Comparing Stats from Erigaisi's Open and Closed Tournaments

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Recently, I got very interested in the play of Arjun Erigaisi, not only because he made the jump into the top 10 but also because he did this by playing many open tournaments.

There are many discussions about the differences between open and closed tournaments, the main question being if top players can just preserve their rating by playing in closed events. I don't really agree with this, but what is clear to me is that the different types of tournaments demand different skills from the players in order to perform well.
So I thought it would be interesting to use the various stats I developed in recent posts in order to compare Arjun's performance in open and closed tournaments.

My expectations

Since top players usually face significantly weaker opposition in open tournaments, my feeling going into this project was that their play will also differ quite a bit.
Firstly, I thought that top players would play less book moves in order to get out of their opponent's preparation. By just playing a game where no player relies on specific preparation, the stronger player should be able to generate more winning chances. Or at least they would avoid forcing line which lead to drawn positions.
I also thought that the decisions during the game might be a bit different. When playing against weaker opponent's, I thought that the stronger player will take more risks in order to keep the game going. This should be reflected in the sharpness change score and maybe also in the accuracy of their play.


For the analysis, I tried to pick very recent games, since Arjun is still only 20 and I didn’t want to go too far back in time since his play might be significantly stronger now than it was even a year ago.
For the open tournaments, I picked all 37 games from the Mencora Open, Grenke Open, FIDE Grand Swiss and Qatar Masters.
For the closed tournaments, I used 32 games from Tepe Sigeman, the Shenzhen Masters, the Chennai Masters and Biel.
Note that I normalised everything so that the different number of games doesn’t affect the statistics.

Book Moves

I’ve looked at the book moves as described in a previous post and got the following results:

There aren’t big differences between the number of book moves per game in open and closed tournaments. The biggest difference is that in open tournaments, Arjun had more moves where there are less than 1,000 games in the database and less moves with 1,000-10,000 games in the database.
This could indicate that he chooses rarer lines in open tournaments, but the differences are very small, so I’m unsure if the differences are significant.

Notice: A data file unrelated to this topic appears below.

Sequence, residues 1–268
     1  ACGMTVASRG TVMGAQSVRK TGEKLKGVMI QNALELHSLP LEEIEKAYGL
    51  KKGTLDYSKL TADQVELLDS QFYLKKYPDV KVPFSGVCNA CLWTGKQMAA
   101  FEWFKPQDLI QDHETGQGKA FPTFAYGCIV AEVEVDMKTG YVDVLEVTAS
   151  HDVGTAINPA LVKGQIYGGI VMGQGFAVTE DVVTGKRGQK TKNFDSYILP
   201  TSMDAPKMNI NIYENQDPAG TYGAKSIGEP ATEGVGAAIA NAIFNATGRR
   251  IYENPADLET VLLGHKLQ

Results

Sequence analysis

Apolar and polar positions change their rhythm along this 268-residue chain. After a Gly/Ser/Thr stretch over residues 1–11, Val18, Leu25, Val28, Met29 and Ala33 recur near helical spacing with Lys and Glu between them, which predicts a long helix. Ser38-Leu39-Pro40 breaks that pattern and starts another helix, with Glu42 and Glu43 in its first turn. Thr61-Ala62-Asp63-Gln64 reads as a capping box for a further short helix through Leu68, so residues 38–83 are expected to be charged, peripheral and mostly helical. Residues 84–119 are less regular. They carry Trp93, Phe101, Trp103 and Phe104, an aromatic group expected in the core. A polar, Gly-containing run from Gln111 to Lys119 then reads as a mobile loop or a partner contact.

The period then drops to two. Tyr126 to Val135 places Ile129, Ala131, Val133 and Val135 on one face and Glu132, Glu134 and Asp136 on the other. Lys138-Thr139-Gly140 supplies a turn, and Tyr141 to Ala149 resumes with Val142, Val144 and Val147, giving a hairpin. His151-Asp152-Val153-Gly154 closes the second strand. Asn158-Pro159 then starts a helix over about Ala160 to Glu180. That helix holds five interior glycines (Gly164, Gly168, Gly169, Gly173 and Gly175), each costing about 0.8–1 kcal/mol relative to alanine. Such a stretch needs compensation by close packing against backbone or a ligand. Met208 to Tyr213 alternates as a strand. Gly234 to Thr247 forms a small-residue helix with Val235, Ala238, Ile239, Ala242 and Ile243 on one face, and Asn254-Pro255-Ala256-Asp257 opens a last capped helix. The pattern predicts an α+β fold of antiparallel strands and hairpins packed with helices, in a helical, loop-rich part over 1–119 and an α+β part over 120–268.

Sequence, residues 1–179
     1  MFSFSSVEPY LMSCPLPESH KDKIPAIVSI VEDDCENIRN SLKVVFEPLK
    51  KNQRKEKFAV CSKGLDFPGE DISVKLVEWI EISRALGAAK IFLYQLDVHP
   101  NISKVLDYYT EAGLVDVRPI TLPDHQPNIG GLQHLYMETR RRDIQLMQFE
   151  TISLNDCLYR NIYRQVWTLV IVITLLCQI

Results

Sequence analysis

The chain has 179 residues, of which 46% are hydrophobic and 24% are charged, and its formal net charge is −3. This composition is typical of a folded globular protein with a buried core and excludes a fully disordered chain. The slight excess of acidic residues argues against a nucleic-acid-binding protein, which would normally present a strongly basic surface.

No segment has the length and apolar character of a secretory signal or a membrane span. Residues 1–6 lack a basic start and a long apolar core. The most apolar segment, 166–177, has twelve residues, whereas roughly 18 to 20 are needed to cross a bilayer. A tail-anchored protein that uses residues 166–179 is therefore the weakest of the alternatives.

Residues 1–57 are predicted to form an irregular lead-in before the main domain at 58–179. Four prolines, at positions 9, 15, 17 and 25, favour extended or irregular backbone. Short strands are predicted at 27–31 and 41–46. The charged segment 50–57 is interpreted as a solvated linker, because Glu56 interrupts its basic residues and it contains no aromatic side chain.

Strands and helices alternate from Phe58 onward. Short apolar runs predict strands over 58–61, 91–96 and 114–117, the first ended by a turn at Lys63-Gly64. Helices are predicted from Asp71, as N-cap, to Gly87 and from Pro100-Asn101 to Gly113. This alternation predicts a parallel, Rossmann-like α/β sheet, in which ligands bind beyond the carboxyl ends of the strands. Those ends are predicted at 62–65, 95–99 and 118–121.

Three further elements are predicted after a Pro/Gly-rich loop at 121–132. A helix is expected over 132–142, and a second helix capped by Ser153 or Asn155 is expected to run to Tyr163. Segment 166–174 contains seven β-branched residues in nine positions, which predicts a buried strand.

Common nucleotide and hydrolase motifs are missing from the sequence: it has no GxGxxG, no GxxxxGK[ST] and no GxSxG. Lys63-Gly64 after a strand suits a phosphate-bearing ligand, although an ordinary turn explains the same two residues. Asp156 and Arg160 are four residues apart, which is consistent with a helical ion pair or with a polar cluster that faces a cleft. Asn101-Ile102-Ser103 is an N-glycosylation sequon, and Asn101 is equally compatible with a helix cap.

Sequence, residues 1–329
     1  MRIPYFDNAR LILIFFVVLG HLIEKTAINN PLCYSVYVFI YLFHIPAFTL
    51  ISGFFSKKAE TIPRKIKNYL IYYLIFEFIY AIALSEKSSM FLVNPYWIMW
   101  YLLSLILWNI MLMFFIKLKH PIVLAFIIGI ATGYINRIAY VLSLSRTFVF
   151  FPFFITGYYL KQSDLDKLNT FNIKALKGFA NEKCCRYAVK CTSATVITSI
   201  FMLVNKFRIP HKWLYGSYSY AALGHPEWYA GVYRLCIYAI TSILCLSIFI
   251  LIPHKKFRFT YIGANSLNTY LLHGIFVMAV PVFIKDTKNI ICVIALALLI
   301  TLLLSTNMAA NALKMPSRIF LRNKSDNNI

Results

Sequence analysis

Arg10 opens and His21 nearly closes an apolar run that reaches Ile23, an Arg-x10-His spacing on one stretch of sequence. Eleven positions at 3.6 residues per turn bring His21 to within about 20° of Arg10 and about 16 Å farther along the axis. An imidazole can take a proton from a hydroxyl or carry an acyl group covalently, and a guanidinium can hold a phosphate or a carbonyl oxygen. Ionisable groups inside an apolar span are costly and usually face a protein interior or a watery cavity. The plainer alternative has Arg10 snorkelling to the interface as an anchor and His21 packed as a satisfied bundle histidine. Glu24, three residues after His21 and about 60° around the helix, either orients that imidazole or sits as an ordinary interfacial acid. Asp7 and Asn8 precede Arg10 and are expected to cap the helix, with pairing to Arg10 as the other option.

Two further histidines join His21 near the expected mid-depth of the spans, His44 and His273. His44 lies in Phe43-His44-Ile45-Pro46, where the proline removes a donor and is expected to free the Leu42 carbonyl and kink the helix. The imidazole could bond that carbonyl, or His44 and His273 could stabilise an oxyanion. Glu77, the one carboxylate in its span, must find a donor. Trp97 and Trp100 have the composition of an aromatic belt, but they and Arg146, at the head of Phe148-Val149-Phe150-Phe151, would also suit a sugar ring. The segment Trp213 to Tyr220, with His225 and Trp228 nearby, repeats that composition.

Accuracy Distribution

In order to look at the quality of play, I generated the accuracy distribution for Arjun’s open and closed tournaments.

The two distributions look very similar, especially in the accuracy range from 100 to 80. But there are more moves in open tournaments with an accuracy between 70 and 80 and in closed tournaments there are more moves with an accuracy from 70 to 40.
This is the opposite of my expectation, since I thought that playing in open tournaments would lead to more risk-taking and therefore less accurate moves. But the other explanation is that on average, the opposition in closed tournaments is much stronger, so Erigaisi will have more challenging positions and therefore make more inaccuracies and mistakes.


Finally, I thought that it would be very interesting to look at the average sharpness change per move in the different tournament formats.

The sharpness change per move is significantly higher in open tournaments, which would indicate that Arjun is trying to steer his games in open tournaments towards sharper positions in order to be able to play for a win.


The results are certainly very interesting, but I’m not quite sure how many conclusions can be drawn from them. I had hoped that the differences between open and closed tournaments would be more pronounced.
But thinking about it, there are probably at least 2 rounds in every open tournament where Arjun faces 2650+ opponents, which means that he probably won’t go all out for wins in these games. I also think that there are many draws in the final rounds of open tournaments. In the games I analysed, there was one 8 move draw between Arjun and Fedoseev from the Menorca Open.
One different approach would be to categorise the games based on the rating difference between the players. But picking the games based on that felt like it introduced a bias into the dataset and I also think that there aren’t too many games with a big rating difference (150+ points) since there are many 2600 players playing in these big open tournaments.
Let me know what you think about the stats and if you have any suggestions for improvements and other ideas I can look into.
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